LB: I think these stories are fascinating unto themselves without trying to sway people toward a certain point of view. I just tell the story, report the facts, and let whatever evidence speak for itself. I like to take the reader along as I investigate and give them credit to make up their own mind.

Who are some of your biggest influences and why?

LB: As far as writing and cryptozoology, I would say John Green and Loren Coleman. Green always had a level-headed approach to Sasquatch research and presented the stories in an engaging way. He also paid attention to details and getting the facts correct as best he could. Coleman, of course, paved the way for the modern cryptozoology researcher and has investigated so many of the seminal cases. Many times as I’m doing research, when I trace an investigation back to its original source, Coleman was there first. I’m honored that he wrote the Foreword for my first book, The Beast of Boggy Creek. It’s like having one of your heroes endorse your efforts. So cool.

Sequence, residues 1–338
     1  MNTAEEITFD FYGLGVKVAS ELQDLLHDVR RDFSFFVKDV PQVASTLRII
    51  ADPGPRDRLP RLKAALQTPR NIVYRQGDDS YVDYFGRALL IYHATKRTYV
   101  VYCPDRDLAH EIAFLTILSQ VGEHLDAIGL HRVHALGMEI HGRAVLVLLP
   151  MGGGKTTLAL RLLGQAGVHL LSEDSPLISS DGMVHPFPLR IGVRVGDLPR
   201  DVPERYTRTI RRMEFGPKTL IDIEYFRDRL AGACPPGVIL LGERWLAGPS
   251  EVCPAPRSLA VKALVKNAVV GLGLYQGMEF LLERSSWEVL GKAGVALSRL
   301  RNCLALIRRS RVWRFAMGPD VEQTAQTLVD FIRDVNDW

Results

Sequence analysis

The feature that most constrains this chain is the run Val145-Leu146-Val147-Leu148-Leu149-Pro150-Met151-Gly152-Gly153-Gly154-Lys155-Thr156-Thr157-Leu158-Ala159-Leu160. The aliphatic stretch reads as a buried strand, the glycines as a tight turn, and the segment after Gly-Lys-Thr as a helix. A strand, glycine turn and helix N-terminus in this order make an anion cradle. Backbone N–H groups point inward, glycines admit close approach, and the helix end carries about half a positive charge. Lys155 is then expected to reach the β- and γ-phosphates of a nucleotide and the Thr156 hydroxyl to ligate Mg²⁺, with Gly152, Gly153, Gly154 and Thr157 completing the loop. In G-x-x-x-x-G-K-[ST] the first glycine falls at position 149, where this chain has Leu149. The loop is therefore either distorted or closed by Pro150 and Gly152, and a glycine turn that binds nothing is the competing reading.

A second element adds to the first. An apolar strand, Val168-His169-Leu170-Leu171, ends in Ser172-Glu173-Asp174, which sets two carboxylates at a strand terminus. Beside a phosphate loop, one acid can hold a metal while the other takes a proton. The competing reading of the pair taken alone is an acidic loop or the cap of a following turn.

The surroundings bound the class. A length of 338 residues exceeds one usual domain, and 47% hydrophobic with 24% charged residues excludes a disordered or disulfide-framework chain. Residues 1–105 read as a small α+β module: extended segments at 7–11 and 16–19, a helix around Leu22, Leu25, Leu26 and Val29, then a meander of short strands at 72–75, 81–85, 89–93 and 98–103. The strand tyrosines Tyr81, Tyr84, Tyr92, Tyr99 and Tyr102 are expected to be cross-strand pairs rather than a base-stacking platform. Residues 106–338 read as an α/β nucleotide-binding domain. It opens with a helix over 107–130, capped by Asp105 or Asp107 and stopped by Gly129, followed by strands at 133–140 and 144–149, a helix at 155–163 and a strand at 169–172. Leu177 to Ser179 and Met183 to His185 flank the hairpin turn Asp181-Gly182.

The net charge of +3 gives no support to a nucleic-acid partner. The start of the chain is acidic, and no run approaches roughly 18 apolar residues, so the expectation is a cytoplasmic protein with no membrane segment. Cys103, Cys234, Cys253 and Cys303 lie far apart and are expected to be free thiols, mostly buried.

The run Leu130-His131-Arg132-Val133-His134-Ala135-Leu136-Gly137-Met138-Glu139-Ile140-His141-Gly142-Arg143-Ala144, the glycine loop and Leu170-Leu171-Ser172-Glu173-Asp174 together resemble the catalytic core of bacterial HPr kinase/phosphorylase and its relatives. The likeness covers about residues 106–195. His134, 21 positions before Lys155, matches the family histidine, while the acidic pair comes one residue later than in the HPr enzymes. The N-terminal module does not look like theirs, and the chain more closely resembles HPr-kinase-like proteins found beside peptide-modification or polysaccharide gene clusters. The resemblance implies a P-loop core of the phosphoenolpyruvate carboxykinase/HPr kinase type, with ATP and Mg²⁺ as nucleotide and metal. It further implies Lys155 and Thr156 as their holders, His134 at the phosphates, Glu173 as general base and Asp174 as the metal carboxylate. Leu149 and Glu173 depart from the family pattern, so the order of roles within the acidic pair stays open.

Out of all the photographic and video evidence for Bigfoot, which to you is the most compelling evidence that it is real? And with just about everyone having a camera/videocam in their pockets, why aren’t we getting more solid evidence? Could it be we are but because it’s so easy to fake now, the real deal might be hiding in plain sight?

LB: To me, the footprints represent the most compelling evidence. Examples such as the Elkins Creek cast from Georgia stand out, especially when I’ve been able to interview the police officer who originally discovered the track.